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How to Protect Your Credit in a Michigan Divorce

Posted on in Divorce


Oakland County Divorce LawyerThere is no denying the impact that a divorce has on a person’s life. Even if they are the spouse who wants to end the marriage, there could still be effects on their family and social relationships that they may find jarring. There is also the financial impact a divorce has. Many people find that after a divorce, their credit score has gone down. It is not the act of divorcing that can cause this decrease, but rather the financial obligations and standing that happens during and after the divorce process. The following are some steps you can take to help minimize that impact.

Protecting Credit Scores

Surveys have found that approximately 55 percent of women and 40 percent of men find that their divorce creates a negative impact on their credit score. While women experience the higher impact, they also report higher incidents of their former spouse ruining their credit – 50 percent – compared to only 37 percent of men who face the same consequences because of their former spouse.

In a divorce, the court will determine which spouse will be responsible for which marital debts, just as it does for the division of assets and property the couple has acquired during the marriage. During the divorce process, there is often a period of time, between the separation and the final decree of divorce, where both spouses may still be responsible for certain marital debts, such as joint credit lines and credit cards. Regardless of what the agreement may be between the spouses as to who should be paying these debts during the divorce process, if the responsible spouse misses payments, it could affect both spouses’ credit scores.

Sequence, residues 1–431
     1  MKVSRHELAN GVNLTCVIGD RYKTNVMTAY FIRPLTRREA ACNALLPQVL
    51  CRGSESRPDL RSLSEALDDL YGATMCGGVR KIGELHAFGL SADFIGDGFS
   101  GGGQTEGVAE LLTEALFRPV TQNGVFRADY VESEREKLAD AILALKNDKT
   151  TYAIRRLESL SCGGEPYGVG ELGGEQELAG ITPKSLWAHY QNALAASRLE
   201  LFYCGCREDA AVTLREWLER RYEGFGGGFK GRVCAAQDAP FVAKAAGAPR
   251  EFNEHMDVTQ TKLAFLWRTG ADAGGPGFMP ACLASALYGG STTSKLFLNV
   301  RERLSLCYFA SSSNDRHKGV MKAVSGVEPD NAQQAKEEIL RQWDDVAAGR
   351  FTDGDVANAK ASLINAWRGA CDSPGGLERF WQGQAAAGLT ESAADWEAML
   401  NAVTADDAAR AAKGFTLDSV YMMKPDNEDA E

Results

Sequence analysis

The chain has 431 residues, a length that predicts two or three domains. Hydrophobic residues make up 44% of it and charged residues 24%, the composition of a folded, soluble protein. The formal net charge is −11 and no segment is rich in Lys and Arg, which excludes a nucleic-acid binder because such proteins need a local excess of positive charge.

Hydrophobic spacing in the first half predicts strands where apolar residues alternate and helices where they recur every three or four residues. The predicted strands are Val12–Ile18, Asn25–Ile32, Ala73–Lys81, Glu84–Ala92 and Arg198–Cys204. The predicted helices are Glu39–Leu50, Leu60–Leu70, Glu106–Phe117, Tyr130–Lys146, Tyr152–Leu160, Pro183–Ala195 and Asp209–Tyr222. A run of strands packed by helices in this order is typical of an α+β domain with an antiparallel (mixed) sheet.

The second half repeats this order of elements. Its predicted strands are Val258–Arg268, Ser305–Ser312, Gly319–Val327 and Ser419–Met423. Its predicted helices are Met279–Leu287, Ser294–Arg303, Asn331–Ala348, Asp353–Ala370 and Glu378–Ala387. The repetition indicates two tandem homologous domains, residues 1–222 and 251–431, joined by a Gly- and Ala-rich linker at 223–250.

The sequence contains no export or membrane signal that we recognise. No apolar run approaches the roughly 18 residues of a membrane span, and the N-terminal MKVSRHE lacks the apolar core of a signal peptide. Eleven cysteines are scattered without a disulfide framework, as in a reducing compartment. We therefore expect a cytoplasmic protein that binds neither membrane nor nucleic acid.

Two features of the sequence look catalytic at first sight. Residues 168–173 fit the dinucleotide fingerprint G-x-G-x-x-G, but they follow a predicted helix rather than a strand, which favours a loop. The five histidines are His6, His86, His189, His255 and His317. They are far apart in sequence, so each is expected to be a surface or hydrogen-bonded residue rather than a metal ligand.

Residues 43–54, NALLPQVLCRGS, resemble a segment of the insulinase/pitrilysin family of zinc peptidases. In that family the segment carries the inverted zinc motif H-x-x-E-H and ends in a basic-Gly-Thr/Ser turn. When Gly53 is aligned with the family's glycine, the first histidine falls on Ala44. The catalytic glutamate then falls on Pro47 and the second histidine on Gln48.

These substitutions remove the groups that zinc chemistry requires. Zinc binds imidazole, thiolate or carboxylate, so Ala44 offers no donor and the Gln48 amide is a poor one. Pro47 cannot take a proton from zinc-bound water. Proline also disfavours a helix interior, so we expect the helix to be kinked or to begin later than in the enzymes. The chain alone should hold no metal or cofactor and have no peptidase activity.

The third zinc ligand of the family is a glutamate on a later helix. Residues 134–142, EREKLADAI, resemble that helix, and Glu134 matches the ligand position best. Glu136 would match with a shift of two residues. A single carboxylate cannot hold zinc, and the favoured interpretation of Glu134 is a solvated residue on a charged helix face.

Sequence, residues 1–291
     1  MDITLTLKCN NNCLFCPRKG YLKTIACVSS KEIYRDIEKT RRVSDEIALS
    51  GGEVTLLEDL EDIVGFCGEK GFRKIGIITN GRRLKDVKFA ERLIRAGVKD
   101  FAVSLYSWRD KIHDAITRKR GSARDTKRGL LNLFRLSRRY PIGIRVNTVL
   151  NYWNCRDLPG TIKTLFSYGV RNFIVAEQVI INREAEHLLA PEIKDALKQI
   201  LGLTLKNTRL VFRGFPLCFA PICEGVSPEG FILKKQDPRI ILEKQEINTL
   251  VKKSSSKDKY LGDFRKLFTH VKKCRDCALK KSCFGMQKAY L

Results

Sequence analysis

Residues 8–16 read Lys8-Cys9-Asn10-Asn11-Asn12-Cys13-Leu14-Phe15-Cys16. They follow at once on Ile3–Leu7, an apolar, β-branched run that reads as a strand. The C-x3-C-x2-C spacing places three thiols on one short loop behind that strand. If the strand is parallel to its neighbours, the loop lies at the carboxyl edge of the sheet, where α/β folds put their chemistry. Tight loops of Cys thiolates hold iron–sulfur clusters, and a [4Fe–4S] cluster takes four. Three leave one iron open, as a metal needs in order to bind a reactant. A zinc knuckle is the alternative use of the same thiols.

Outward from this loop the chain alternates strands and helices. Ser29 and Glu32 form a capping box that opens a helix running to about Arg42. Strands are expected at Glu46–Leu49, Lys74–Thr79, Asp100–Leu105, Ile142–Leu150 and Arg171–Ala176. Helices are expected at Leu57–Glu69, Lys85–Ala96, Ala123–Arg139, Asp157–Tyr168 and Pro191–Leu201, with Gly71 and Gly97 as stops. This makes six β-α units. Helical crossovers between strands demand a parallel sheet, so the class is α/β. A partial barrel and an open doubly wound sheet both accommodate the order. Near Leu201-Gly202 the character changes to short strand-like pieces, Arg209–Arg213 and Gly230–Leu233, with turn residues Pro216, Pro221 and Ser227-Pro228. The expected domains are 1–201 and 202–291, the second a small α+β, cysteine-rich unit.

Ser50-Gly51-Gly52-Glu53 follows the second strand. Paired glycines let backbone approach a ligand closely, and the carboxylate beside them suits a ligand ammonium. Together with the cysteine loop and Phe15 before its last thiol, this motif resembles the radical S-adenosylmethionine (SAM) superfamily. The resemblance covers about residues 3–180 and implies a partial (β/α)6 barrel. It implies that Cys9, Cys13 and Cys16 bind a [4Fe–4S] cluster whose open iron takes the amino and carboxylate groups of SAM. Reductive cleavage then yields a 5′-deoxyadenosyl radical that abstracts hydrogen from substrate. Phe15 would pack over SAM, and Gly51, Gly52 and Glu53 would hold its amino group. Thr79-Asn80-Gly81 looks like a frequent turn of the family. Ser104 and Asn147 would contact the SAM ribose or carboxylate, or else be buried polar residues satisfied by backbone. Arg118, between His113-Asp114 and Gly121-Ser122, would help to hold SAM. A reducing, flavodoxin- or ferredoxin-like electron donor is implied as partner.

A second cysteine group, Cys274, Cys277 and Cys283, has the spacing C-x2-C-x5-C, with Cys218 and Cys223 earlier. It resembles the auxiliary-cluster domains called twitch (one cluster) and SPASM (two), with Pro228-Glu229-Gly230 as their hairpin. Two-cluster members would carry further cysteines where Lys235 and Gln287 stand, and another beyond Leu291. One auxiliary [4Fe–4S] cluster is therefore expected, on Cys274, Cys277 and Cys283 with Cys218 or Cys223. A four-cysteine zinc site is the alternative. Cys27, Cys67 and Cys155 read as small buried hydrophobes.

The first step you should take to protect your credit score is to pull your credit report to make sure you are aware of all accounts that are linked to your credit file. You can obtain a free credit report from one of the three major credit bureaus, Equifax, Experian, and TransUnion.

Look over your report and note any joint accounts you have with your spouse. These are the accounts you will also be liable for until a decision is made to close the account. You should also check your report to see if you have any accounts that are in your name but where you added your spouse as an authorized user. You will want their name removed if you do not want them to be able to charge to that account any longer. Make sure if you do this, however, there is no court order that has been issued barring you from doing so. It is always a good idea to check with your attorney first. 

You will not be allowed to close any joint accounts unless your spouse also agrees, and only if there is no balance. If there is anything owed on the account, the creditor will want it paid in full before the account will be closed.

Until you can get this matter settled, it is a good idea to at least contact your creditors to let them know of the change in your marital status. They may also be able to provide insight into options they may have for transferring any debt that will be left over after the divorce, depending on the final negotiations and settlement between you and your spouse.

Contact an Oakland County Divorce Attorney

If you are considering divorcing your spouse, it is important to be well prepared long before you file your actual petition. A skilled Farmington Hills divorce lawyer can help. Call Elkouri Heath, PLC at 248-344-9700 to schedule a free consultation and find out what legal options are best suited for your situation.




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